A SMALL CONVENIENCE
Welcome to a review on the Godox LED36 portable light, and this is one small device that doesn’t seem to get a lot of attention. Not sure why, but I am going to write a short review to do this tiny gadget some justice that it deserves – It may be small, but it is also very portable, highly versatile and very useful in many ways. Read on!
|Price||About USD 15|
|Links||Official Website: Godox LED Video Lights|
Get from eBay: LED36, LED64, LED120, LED170
Simple and rugged. Hard to break… Maybe the battery door could use a little more work.
White light only, with adjustable brightness.
Not for professional work, but use it as a focus assist light, emergency video light and more.
$15 for a LED video light? Why not?
A cheap and handy LED light to have. Especially for traveling.
TABLE OF CONTENTS
THE SPECS AND ALTERNATIVES
Godox offers a full line of LED video lights – LED32, LED64, LED120, and LED170. Well, they are not really alternatives to each other, but you decide which is the best fit for what you do.
|Price (USD)||About 15||About 22||About 35||About 45|
|Battery Life||At least 1.5 hrs||At least 1.5 hrs||About 1 hr||About 1 hr|
|Brightness (0.5m)||>260 lux||>1000 lux||>2200 lux||>2700 lux|
Why not just get the biggest?
The LED video lights only have a small price gap in between each other, would it not make sense to just buy the LED170? Since they are so cheap, and the brightest one will offer the best value for money?
Nope. It really depends on what you want to do with the lights. I personally chose the smallest LED32 as I only need a focus assist light, and it runs on 2 AA batteries. It is lightweight and good enough for travel use… I just didn’t want to carry a huge panel around to do something so simple.
Having reviewed the Godox AD200 and AD360 before, I know that Godox has some pretty smart designs for their gadgets. Even for this simple LED light, Godox has put in some good thoughts into the design.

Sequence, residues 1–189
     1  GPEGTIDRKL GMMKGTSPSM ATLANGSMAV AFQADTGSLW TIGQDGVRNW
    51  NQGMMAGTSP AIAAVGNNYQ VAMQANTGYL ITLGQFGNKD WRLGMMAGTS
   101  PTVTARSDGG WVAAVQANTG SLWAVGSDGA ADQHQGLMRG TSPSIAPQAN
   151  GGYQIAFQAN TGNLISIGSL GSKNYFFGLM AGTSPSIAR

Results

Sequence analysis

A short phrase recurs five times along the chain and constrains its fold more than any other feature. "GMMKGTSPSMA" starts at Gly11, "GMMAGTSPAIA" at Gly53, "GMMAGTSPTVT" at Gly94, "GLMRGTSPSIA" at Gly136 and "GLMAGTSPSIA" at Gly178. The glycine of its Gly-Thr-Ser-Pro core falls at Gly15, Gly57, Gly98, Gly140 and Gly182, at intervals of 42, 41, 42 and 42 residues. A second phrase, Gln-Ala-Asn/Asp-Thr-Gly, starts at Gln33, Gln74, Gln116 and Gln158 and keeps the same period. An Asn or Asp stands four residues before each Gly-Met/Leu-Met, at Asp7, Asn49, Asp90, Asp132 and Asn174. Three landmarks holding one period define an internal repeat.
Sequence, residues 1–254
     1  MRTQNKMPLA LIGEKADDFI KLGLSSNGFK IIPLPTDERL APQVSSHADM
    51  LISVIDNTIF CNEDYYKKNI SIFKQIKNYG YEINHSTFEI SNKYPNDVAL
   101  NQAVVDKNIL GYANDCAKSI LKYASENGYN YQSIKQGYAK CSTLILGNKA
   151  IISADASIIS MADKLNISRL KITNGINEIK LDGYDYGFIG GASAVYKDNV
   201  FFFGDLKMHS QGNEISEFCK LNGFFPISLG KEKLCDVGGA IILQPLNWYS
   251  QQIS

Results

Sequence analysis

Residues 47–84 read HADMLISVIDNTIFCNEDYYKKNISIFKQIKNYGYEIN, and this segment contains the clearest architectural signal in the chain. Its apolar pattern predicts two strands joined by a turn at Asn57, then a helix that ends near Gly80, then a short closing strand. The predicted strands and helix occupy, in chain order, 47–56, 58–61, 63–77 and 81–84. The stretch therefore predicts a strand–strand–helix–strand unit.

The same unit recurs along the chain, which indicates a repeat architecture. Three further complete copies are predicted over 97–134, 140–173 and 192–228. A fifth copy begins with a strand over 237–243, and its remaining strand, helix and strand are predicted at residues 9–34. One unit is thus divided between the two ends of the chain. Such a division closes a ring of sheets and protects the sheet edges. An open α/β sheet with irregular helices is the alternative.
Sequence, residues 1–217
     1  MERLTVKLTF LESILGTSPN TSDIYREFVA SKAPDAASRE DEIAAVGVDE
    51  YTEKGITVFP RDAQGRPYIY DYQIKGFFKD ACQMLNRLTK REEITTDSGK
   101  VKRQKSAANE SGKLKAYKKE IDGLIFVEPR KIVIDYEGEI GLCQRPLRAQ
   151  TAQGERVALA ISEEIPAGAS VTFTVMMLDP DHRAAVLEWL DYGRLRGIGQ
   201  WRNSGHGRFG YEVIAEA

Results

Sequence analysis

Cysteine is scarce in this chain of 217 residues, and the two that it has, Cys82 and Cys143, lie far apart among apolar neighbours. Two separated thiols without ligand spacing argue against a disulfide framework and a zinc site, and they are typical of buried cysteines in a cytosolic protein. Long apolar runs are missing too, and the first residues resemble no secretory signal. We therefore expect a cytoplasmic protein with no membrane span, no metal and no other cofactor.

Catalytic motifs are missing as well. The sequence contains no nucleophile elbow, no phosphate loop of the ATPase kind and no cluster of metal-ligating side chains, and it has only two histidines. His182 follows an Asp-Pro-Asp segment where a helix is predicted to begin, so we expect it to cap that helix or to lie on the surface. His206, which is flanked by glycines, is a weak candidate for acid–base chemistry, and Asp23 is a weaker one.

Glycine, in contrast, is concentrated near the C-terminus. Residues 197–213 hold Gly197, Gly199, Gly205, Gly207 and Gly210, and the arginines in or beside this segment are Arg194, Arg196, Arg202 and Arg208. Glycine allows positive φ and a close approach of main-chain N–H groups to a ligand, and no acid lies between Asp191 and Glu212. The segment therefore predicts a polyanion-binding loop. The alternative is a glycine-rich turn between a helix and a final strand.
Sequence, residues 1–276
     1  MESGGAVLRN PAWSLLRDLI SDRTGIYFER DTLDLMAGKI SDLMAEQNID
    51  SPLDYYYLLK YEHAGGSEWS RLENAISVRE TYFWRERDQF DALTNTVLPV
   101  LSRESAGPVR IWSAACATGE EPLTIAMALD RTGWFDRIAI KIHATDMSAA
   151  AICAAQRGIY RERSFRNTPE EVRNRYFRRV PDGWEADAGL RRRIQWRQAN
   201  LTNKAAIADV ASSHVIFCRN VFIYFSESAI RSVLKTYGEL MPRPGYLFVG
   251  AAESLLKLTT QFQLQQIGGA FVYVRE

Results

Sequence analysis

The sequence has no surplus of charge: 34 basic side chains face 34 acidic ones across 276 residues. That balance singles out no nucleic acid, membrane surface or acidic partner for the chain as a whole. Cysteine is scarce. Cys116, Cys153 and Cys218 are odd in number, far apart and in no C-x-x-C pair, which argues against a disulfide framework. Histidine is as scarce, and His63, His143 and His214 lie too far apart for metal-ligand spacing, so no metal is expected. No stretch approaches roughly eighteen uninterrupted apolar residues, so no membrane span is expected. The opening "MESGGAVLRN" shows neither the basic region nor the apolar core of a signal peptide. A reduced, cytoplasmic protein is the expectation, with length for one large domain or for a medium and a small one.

I will use one word to describe the build quality of this gadget – plastic. Nope, I don’t mean that the build quality is bad, but that it is mostly made of hard plastics. There are almost no metal parts and glass – This thing is hard to break.
The design is also very simple. The controls are at the back, and there is not a lot of it – Only an on/off switch and brightness dial. You can’t go wrong with this device.
The Godox LED36 comes with hot shoe mounts on all 4 sides of the box – So that you can stack other LED36 or LED64 on top of it to make a bigger panel… Very simple and interesting design.
Takes 2 AA batteries, and should last at least 1.5 hours. No sweat even when the batteries run dry – AA batteries are common and very easy to find.
A small piece of advice for you guys who are looking to use the LED36 for professional work – please don’t. This tiny box is only capable of giving out a weak glow. It is good enough for small objects, but otherwise, do consider the LED64 or other bigger panels.
COOL WHITE ONLY
The one thing that I really don’t quite like about the Godox LED36 and LED64 is that you cannot adjust the color temperature. It is stuck to 5500-6500K… which is good enough if you are shooting in a controlled environment.
But there are times when you have to shoot in a room with warm lighting, and it really does not help to have clashing white lights. Thankfully though, you can stick a piece of orange transparent paper in front to “fix” this problem.
That’s all for this review, and here is a small section on some extras and links that may be useful to you.
- Pocket-sized and very portable.
- Uses 2 common AA batteries.
- Much better light than tiny smartphone LEDs.
- Stackable, just buy more of these.
- Cannot adjust color temperature.
- Not very powerful when compared to the bigger LED panels.
- Not very useful for professional work.
Does not light up a huge area, but good enough for small products and objects. It seems to be soft enough as it is. For you camera savvy folks – This is taken with D610 and Sigma 35mm art, at f/1.4 ISO 100 1/160 seconds. So yes, this tiny light is bright enough at short distances.
This palm-sized box may not give out a lot of light, but it is small, portable, and very useful. While it may not be good for professional work, you can use it as a focus assist light, as a better selfie light, and as a torchlight. At the price of only $15, I really can’t find much to complain about something so useful. Definitely, a handy gadget to keep inside your camera bag.
W.S. Toh is a senior web developer and SEO practitioner with over 10 years of experience in building websites. When he is not secretly being an evil tech ninja, he enjoys doing photography and working on DIY projects.